The question is, how do we make our pitches better? The answer actually lies within a series of questions coming from you directly. Whenever you are playing catch with either a pitcher or catcher, ask them about your pitches. The answer they give you, whether you like it or not, is great feedback.

This brings back the idea of playing catch with a purpose. Feedback is the best source of real time information you can get your hands on. As soon as you throw, let’s say a 2-seam fastball, your partner can tell you if it was good or not. So you ask how was that 2-seam? Did it tail arm side, cut to glove side, or stay straight? Did it start to sink? Your partner can give you the feedback you’re looking for right away. This let’s you know if you’re on the right track with the movement and feel of your pitches. If you’re throwing a change-up and it drops a lot, great. But if the spin looks like a knuckle ball rather than a fastball, the spin isn’t sharp. I’d say you have a decent knuckle ball but now let’s work on a change-up.

The spin is the next part. Let’s use a slider as an example. If you throw your slider to your partner, your question should be about spin. How was the spin? Tight? Loopy? What do you see, a big circle? A tiny dot? We want to have a tight, tiny dot on our slider. That let’s us know if the spin is good. This means we will usually have a sharper break on our pitch caused by the tighter spin which equals more rotation. If we see a big circle, then the pitch is usually somewhat loopy and doesn’t really fool good hitters. If it’s easy to see, it’s easy to hit.

Having good spin on your pitches is important because that is what the hitter is seeing. We don’t want to have a pitch that moves three feet. We want a pitch that breaks late and sharp. Having good spin allows that to happen. If we’re not getting the spin we want, then we look back to our grip, our release, and our understanding of how a particular pitch should be thrown.

Feedback. We have to ask questions is we want to get better. You can throw 5 shutout innings and you think you don’t need to really work on your pitches, but that would be a bad idea. You can still pitch well, especially if the competition isn’t great, and have terrible off-speed pitches with bad spin. We take the result of the game to help build our confidence on the mound, but the feedback regarding the spin helps build our confidence in each pitch we throw.

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“I must not fear. Fear is the mind killer. Fear is the total death that brings total obliteration. I will face my fear…I will permit it to pass over me and through me.”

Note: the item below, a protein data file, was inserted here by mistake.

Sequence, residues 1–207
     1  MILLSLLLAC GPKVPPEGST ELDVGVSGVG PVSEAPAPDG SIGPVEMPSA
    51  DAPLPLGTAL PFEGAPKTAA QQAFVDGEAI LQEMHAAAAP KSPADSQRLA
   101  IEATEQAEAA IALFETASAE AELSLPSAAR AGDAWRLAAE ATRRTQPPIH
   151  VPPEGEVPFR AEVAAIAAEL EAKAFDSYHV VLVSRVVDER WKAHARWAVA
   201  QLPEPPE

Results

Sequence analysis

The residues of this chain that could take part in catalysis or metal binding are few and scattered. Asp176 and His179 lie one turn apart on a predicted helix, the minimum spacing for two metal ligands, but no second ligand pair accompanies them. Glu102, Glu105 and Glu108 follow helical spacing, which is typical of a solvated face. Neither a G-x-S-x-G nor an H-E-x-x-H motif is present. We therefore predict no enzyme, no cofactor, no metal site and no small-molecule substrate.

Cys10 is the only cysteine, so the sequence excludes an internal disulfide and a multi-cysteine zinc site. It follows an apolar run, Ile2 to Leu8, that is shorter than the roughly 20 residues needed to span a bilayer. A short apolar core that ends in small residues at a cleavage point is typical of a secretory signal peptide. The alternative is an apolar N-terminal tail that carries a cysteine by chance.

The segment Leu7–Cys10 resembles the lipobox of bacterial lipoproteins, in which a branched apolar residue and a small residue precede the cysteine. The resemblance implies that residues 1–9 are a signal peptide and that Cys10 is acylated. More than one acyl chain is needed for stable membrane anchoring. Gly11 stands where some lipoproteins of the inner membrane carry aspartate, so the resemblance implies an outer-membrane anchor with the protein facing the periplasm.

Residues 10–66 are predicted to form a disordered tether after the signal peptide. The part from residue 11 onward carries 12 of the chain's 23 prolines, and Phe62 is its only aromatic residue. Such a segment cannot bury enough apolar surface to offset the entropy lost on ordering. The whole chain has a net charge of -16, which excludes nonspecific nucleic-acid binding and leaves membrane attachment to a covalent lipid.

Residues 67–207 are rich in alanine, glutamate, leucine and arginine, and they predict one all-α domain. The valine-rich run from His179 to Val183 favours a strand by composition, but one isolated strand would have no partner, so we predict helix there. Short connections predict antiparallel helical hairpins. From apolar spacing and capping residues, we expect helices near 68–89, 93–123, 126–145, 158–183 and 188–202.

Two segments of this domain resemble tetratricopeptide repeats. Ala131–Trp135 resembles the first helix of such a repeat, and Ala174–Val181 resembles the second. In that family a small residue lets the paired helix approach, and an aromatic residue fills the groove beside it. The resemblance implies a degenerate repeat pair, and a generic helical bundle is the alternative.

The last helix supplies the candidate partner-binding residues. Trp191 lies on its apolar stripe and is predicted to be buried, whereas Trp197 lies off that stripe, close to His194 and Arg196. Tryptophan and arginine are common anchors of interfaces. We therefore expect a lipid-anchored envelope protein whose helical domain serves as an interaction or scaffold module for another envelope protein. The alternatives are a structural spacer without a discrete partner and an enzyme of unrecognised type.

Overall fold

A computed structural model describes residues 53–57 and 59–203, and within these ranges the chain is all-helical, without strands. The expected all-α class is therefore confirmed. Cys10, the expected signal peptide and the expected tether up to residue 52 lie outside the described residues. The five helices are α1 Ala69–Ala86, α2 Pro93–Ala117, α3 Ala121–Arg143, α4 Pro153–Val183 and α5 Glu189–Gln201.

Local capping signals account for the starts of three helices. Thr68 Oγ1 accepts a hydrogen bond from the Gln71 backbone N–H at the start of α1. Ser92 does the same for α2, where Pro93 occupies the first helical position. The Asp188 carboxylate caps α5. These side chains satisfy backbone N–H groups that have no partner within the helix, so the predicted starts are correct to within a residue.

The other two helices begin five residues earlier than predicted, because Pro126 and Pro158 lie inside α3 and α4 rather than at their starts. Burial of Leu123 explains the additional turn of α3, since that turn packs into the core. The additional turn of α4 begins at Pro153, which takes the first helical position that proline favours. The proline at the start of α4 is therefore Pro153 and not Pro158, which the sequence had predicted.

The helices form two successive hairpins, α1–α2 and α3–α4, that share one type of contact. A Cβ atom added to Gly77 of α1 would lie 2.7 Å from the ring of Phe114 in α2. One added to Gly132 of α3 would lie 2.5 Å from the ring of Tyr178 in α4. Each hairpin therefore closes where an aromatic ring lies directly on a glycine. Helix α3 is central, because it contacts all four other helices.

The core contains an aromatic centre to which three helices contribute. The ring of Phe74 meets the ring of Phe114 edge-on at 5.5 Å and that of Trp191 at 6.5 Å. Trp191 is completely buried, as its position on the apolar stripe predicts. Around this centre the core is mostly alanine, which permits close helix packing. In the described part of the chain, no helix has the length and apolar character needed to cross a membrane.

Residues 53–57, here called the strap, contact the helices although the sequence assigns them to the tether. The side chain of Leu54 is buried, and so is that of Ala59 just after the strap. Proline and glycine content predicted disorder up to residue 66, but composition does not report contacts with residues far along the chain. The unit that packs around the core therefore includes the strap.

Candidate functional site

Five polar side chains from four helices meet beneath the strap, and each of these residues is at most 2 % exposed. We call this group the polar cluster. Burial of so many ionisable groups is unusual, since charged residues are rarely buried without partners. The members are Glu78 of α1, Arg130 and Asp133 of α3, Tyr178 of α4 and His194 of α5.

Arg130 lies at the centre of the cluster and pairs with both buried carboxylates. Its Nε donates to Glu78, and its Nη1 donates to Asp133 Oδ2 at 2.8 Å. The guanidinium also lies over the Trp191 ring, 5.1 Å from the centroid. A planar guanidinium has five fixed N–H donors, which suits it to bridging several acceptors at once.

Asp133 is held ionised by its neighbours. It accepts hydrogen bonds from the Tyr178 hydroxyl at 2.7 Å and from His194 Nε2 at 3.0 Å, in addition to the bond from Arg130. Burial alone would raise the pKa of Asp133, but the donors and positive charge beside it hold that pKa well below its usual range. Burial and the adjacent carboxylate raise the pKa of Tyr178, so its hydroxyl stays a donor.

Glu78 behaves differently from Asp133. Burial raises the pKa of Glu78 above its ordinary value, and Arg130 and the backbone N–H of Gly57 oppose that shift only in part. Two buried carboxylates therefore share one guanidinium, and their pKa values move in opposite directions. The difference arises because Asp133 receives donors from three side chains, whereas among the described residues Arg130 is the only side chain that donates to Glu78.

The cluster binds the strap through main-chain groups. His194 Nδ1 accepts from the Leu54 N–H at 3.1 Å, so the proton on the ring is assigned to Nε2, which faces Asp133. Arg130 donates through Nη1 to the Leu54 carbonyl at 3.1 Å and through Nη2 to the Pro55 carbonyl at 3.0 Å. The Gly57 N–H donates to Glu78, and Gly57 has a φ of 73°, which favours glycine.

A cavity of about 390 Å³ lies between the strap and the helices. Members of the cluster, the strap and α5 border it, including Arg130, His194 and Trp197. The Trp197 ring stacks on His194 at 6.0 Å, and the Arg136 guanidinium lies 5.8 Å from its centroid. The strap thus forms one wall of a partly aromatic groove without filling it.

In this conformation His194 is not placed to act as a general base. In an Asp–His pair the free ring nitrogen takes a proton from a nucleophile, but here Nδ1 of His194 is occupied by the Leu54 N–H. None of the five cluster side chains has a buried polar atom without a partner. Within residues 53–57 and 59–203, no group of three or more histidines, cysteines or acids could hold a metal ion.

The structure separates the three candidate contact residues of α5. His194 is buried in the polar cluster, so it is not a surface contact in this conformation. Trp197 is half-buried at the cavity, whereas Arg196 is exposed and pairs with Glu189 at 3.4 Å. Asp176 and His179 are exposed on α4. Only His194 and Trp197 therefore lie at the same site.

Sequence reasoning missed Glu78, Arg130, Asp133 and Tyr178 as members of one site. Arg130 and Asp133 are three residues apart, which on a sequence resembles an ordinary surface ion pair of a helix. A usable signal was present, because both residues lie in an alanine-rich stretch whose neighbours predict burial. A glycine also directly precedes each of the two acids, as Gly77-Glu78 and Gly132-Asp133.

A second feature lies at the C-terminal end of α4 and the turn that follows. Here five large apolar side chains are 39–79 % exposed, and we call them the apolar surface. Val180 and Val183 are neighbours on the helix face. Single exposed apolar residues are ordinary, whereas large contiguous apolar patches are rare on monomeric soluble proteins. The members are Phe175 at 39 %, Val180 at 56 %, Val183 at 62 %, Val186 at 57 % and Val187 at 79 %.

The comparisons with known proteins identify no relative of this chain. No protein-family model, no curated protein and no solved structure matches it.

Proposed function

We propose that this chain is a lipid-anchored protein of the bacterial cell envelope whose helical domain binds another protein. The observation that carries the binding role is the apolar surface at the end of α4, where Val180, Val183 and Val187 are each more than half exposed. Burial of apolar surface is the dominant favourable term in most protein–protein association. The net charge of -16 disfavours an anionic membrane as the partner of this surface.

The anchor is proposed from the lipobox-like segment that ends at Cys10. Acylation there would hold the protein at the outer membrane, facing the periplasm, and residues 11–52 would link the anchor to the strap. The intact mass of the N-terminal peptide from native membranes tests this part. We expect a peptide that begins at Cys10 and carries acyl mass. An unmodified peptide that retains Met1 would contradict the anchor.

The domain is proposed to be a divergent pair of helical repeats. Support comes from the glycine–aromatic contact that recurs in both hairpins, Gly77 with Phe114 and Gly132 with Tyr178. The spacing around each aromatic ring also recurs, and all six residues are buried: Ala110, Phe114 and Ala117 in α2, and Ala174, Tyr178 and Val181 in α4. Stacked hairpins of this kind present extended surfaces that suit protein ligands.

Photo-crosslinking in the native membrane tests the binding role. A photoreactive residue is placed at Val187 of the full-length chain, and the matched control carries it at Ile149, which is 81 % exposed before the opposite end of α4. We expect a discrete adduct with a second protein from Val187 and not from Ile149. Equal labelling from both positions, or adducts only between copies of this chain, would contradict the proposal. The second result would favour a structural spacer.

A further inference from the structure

The mind is a beautiful and complex thing. Sometimes we can keep our mind focused and other times it gets away from us. At times we let doubt into our minds and we find it difficult to let it pass through. It stays there, right at the forefront of our mind when we face adversity. You have two options; give into the fear because you are afraid to fail or face it head on and view any failure as a learning opportunity.

Our intelligence increases through the mistakes we make. As a pitcher, we have to learn to accept failure and embrace the lessons that it creates. If we are afraid to fail then our growth as a pitcher dies within us.

Here is an example. You have runners on second and third with two outs. Your team is up by one run in the last inning. You can think two things. One is that you don’t want to feel responsible for losing the game if you give up a hit. The other is that you’re going to challenge the hitter head on. Regardless of your mindset, you may still give up a hit that scores both runners which in turn means you have failed. The next part is important. Do you feel like you suck as a pitcher or do you feel determined to not have that happen again?

Success eliminates fear. That is exactly what confidence is. But we only get to that point by being in the position where we are facing adversity. You have to want to face adversity, that’s the only way to get better. And when you fail, we have to want to understand why we failed rather than fell sorry for ourselves. It is not an easy thing to do. As a pitcher, we feel as if we are carrying the team on our shoulders. If we fail, we feel as if we have failed our teammates, our coaches, our school, our parents, and so on. But everyone knows we don’t want to be unsuccessful on the mound. They realize we are trying our best, but sometimes our best just isn’t quite good enough.

Going back to our scenario in which you lost the game, learn to break it down in order to prevent the feeling of failure as often as possible in the future. If you can be honest with yourself and look back at what you didn’t do well, you will learn how to grow as a pitcher. Most often, we failed because we didn’t locate the pitch exactly where we wanted it. We gave the hitter too good of a pitch to hit. So let’s dive into the idea that we missed our target. The question now is; why did you miss? Trace your steps backwards from when the ball was hit. Did the pitch feel good out of your hand? Did the pitch you throw feel like the right one? Were you thinking too much about holding runners or just the runners in general? Was your mind racing with thoughts that you couldn’t control? Did you do a good job of breathing? Do you feel like you rushed yourself? And lastly, were you afraid of the moment?